United States–Mexico–Canada Agreement

North American trade bloc

The United States–Mexico–Canada Agreement (USMCA; Spanish: Acuerdo Estados Unidos-México-Canadá, AEUMC; French: Accord États-Unis-Mexique-Canada, AÉUMC) is a free trade agreement between Canada, Mexico, and the United States, replacing the previous North American Free Trade Agreement (NAFTA). It is the result of the 2017–2018 renegotiation of NAFTA by its member states, which informally agreed to the terms on September 30, 2018, and formally on October 1.[1] The agreement came into effect on July 1, 2020.[2][3]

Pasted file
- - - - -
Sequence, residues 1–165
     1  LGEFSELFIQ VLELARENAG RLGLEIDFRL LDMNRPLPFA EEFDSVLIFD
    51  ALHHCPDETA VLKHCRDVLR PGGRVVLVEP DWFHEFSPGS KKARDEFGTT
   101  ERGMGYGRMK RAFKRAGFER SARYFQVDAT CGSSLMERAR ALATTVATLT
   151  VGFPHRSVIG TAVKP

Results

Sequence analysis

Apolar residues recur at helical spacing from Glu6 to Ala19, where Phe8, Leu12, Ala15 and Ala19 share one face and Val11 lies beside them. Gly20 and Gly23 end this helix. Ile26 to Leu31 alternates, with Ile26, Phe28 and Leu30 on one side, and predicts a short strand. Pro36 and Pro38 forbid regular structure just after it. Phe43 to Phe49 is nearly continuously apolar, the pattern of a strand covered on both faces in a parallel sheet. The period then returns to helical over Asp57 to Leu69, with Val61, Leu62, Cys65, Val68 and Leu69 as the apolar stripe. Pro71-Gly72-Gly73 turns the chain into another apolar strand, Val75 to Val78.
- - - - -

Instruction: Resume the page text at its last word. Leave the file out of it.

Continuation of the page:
Compared to NAFTA, the agreement gives the U.S. more access to Canada's $19 billion dairy market, more domestic production of cars and trucks, increases environmental and labor regulations, and introduces updated intellectual property protections.


  1. Dangerfield, Katie (2018-08-30). "NAFTA deal reached: Canada, U.S., Mexico reach trade agreement under new name". Global News. Retrieved 2018-10-01.
  2. "U.S. seals the deal on USMCA, says trade agreement can now take effect July 1 | CBC News". CBC. Retrieved 2020-10-18.
  3. "New North American trade deal to come into effect in July". Deutsche Welle. 25 April 2020. Retrieved 18 October 2020.